Journal of Family and Community Medicine

LETTER TO EDITOR
Year
: 2016  |  Volume : 23  |  Issue : 1  |  Page : 51--52

Should family physicians perform frenotomy for neonatal ankyloglossia?


Joeseph Adragna, Morteza Khodaee 
 Department of Family Medicine, University of Colorado, School of Medicine, Denver, CO, USA

Correspondence Address:
Morteza Khodaee
Department of Family Medicine, University of Colorado, School of Medicine, Denver, CO
USA




How to cite this article:
Adragna J, Khodaee M. Should family physicians perform frenotomy for neonatal ankyloglossia?.J Fam Community Med 2016;23:51-52


How to cite this URL:
Adragna J, Khodaee M. Should family physicians perform frenotomy for neonatal ankyloglossia?. J Fam Community Med [serial online] 2016 [cited 2020 Jan 21 ];23:51-52
Available from: http://www.jfcmonline.com/text.asp?2016/23/1/51/172235


Full Text

Sir,

Ankyloglossia (tongue-tie) is a fairly common congenital anomaly in newborns that is often implicated in difficulty in breastfeeding. We present a case of successful frenotomy by our family medicine team in an infant with symptomatic ankyloglossia.

A 1-day-old term female was born via induced vaginal delivery to a 16-year-old gravida 1 by the inpatient family medicine service at an academic medical center. Moderate ankyloglossia was discovered on initial examination [Figure 1]a]. Several hours after delivery, her nurses reported that the newborn was not feeding well. They were concerned about her latch and maternal nipple pain. Lactation specialty nurses were consulted. After approximately 12 h of various interventions and coaching, breastfeeding was still inadequate, so they switched to supplementation and breast pumping. With the family's consent, an anterior frenotomy of <3 mm incision through the frenulum was performed using a blunt pair of scissors [Figure 1]b]. There was only a drop of blood, and the newborn tolerated the procedure well crying for a very short time. Following the procedure, LATCH (Latch, Audible swallowing, nipple type, comfort, and hold) scores improved and maternal self-report of nipple pain immediately reduced. Supplementation was no longer required and there was a safe amount of expected weight loss at 24 h. The incision healed in 24 h [Figure 1]c].{Figure 1}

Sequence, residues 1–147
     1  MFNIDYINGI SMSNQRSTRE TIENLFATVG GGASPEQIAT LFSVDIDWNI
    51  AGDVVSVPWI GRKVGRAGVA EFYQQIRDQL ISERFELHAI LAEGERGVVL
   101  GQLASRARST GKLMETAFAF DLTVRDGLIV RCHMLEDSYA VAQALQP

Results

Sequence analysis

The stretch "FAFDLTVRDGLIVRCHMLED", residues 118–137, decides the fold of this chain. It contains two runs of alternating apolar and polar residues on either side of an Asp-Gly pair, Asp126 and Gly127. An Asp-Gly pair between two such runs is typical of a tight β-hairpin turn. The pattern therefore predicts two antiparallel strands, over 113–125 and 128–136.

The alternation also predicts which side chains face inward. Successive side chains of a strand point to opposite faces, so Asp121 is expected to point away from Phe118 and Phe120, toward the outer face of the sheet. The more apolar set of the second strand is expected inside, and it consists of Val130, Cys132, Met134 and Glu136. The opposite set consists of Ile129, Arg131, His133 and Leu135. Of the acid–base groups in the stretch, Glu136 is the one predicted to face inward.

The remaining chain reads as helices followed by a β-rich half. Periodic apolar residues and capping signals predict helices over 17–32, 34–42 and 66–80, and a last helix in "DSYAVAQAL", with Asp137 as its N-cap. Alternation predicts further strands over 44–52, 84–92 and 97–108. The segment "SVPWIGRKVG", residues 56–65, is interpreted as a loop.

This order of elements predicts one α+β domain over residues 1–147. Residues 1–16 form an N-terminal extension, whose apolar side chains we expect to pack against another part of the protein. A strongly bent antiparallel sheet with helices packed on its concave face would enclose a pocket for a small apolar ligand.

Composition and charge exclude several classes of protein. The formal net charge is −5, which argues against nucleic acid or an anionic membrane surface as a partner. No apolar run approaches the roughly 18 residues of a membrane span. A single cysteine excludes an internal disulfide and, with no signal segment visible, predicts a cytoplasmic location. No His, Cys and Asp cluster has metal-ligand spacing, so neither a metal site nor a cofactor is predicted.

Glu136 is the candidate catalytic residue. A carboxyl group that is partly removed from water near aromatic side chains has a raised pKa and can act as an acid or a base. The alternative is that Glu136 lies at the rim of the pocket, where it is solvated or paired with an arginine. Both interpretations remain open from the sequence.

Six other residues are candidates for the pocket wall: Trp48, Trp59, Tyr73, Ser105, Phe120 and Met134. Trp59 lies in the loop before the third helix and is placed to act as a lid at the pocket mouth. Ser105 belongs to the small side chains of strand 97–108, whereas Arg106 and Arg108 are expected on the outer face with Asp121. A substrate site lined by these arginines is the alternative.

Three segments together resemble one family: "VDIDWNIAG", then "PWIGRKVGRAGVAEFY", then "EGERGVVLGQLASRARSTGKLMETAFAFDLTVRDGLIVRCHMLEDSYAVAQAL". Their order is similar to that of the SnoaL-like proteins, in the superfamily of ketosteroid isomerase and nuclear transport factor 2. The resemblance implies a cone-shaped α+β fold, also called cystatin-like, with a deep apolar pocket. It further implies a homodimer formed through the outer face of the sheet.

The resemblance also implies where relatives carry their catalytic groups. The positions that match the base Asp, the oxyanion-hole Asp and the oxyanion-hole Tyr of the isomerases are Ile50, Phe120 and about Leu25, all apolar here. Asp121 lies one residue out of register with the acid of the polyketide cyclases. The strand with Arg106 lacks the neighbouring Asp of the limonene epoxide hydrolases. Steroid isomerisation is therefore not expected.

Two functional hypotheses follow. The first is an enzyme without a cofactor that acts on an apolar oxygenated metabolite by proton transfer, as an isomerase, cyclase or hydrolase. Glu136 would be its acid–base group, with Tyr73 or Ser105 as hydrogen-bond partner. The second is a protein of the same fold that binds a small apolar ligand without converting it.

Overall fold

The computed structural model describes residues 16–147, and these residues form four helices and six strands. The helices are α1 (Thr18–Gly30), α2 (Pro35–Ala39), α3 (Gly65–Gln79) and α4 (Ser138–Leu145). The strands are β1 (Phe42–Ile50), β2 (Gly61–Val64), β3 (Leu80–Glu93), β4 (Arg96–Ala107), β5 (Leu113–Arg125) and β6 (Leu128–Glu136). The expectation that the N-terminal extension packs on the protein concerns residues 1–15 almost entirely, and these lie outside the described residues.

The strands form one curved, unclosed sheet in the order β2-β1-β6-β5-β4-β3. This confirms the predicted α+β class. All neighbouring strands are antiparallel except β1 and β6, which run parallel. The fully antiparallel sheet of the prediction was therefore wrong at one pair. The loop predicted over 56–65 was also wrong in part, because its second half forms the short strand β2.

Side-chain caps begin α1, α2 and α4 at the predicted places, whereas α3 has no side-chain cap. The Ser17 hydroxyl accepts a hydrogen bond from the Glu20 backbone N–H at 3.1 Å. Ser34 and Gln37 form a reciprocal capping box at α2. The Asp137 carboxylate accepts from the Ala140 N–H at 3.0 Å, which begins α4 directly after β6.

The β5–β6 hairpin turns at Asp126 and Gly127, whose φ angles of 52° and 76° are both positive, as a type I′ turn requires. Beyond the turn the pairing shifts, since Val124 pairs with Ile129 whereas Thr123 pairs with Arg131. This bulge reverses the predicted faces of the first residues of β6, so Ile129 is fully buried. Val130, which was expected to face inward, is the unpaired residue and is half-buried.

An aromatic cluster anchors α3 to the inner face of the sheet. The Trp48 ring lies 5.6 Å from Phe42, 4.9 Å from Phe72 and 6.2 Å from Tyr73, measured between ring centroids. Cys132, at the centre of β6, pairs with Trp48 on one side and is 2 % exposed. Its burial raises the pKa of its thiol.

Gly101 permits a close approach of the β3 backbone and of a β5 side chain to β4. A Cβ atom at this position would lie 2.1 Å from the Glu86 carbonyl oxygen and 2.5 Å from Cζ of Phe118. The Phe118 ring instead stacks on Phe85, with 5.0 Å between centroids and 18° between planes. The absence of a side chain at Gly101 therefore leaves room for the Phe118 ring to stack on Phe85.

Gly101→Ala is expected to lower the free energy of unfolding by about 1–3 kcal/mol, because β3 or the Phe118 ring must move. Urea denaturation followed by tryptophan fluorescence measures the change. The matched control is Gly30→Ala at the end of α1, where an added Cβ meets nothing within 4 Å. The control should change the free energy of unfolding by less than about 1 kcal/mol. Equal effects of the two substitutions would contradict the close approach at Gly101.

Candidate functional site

Ankyloglossia affects about 2-5% of newborns. [1],[2],[3] In those who have breastfeeding difficulty, the condition is implicated in 12.8%. [2] Frenotomy seems to improve maternal nipple pain and sometimes infant breastfeeding. However, high quality randomized control trial studies are few. [4],[5],[6] In clinically significant ankyloglossia, frenotomy is recommended as soon as possible. [2] Neonatal frenotomy, especially when performed in the first 4 weeks of life, is a safe and simple procedure, which can be performed with or without local anesthesia. [1],[2],[3],[7] The procedure is easily taught using multimedia resources. Other than minor bleeding and discomfort, complications are rare. [1],[2],[3],[4],[5],[6],[7] In a review article, Brookes et al. described no complications in eleven studies with a total of 930 patients. [7]